Journalist, specialized in Middle East, Russia & FSU, Terrorism and Security issues. Founder and Editor-in-chief of the Modern Diplomacy magazine.

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Rise of disinformation a symptom of ‘global diseases’ undermining public trust

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Societies everywhere are beset by “global diseases” including systemic inequality which have helped fuel a rise in disinformation, or the deliberate spreading of falsehoods, said the UN human rights chief on Tuesday, addressing the Human Rights Council in Geneva.

Michelle Bachelet said the restoration of public trust was essential, as disinformation should really be seen as a symptom of diseases such as systemic inequality, which has seen “deep-seated discrimination” flourish, along with fragile institutions, a loss of trust in effective governance, and “limited rule of law”.

She said those countries impacted by inequality were now threatened with instability and frayed co-existence within society.

Flourishing amid discontent

“Disinformation spreads when people feel that their voices are not heard. It arises in contexts where political disenchantment, economic disparity or social unrest flourish”, she said.

“It flourishes when civil society, journalists, human rights defenders and scientists cannot work, assemble and speak freely. When civic space is limited or closed. When the human rights to freedom of expression and access to information are threatened.”

It can be fuelled by governments and public officials, potentially leading to hate crimes and violence.

But she warned governments against trying to “officially ordain what is false, and what is true, and then attach legal consequences to those determinations. Our human right to access and impart information, is not limited to only what is deemed by the State as ‘accurate’”.

She called for a focus on “assessing how communications are being revolutionized by technology and on unpacking who is responsible for what.

“We need to look at how best to contain the harms caused by disinformation, while addressing the underlying causes that give disinformation life and allow it to gain traction.”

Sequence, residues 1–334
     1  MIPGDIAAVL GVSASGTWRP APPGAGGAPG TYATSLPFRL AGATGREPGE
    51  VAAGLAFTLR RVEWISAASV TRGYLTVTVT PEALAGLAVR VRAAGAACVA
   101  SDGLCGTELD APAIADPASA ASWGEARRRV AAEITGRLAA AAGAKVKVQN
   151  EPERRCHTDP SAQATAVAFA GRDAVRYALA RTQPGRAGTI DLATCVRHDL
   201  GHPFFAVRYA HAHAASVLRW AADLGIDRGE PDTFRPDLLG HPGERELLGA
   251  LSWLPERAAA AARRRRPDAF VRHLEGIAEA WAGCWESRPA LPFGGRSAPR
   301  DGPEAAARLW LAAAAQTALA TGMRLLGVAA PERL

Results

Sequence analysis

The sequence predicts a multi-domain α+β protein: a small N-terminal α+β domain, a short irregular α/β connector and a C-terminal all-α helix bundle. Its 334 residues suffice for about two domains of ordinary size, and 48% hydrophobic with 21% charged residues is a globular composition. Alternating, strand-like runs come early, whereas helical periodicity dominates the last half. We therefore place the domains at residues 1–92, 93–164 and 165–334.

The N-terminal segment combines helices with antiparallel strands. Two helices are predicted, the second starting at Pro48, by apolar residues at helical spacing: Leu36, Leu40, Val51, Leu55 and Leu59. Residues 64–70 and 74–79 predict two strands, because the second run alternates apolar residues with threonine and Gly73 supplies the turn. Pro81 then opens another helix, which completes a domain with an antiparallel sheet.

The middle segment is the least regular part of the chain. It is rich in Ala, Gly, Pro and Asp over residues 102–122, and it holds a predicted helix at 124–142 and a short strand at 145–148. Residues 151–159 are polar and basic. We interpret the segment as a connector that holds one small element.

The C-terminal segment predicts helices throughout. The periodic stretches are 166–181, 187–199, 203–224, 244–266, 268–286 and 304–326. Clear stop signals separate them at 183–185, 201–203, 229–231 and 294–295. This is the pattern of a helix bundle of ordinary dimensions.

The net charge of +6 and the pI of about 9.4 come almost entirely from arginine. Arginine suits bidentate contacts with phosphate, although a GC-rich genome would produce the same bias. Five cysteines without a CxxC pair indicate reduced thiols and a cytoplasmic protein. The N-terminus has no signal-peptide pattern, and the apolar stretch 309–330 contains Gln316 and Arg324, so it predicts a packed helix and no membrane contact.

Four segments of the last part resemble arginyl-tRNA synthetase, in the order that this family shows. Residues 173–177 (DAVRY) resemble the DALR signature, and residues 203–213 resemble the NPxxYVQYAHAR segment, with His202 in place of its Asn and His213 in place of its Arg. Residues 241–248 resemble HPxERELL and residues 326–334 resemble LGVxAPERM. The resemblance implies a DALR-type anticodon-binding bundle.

She said the sheer speed and volume of information circulating online, meant that it could be easily manipulated, with campaigns using automatic tools, rapidly creating a “false impressions of broad popular support for or against certain ideas, or be used to counter and marginalise dissident voices and ideas.”

Organized disinformation campaigns are also being used to silence rights defenders, journalists, and minority voices, “and as a result of repeated attacks, women, minority communities and others can be deterred from participating in the public sphere.”

Fighting back

The international response has to be consistent with universal rights obligations, she warned.

“When we debate the best ways to respond, we need to understand that censorship is not only an ineffective medicine – it can actually harm the patient.” Freedom of expression and the right to access information are essential, she underscored.

“I therefore call on States to uphold their international obligation to promote and protect these rights, whatever the social ill they seek to mitigate. Maintaining a vibrant and pluralistic civic space will be crucial in this endeavour.”

She called for policies which support independent journalism, pluralism in media, and digital literacy, which can help citizens “navigate” the online world and boost critical thinking.

“States must also ensure wide and free access to information so that it reaches all communities and constituencies…Trust can never be achieved without genuine government transparency.”

Social media regulation ‘insufficient’

The human rights chief said that social media businesses have transformed the way information circulates, “and they have a clear role to play.”

“To start with, we must understand better how they affect our national and global debates. While platforms have taken welcome steps to enhance their own transparency, and redress channels, progress remains insufficient.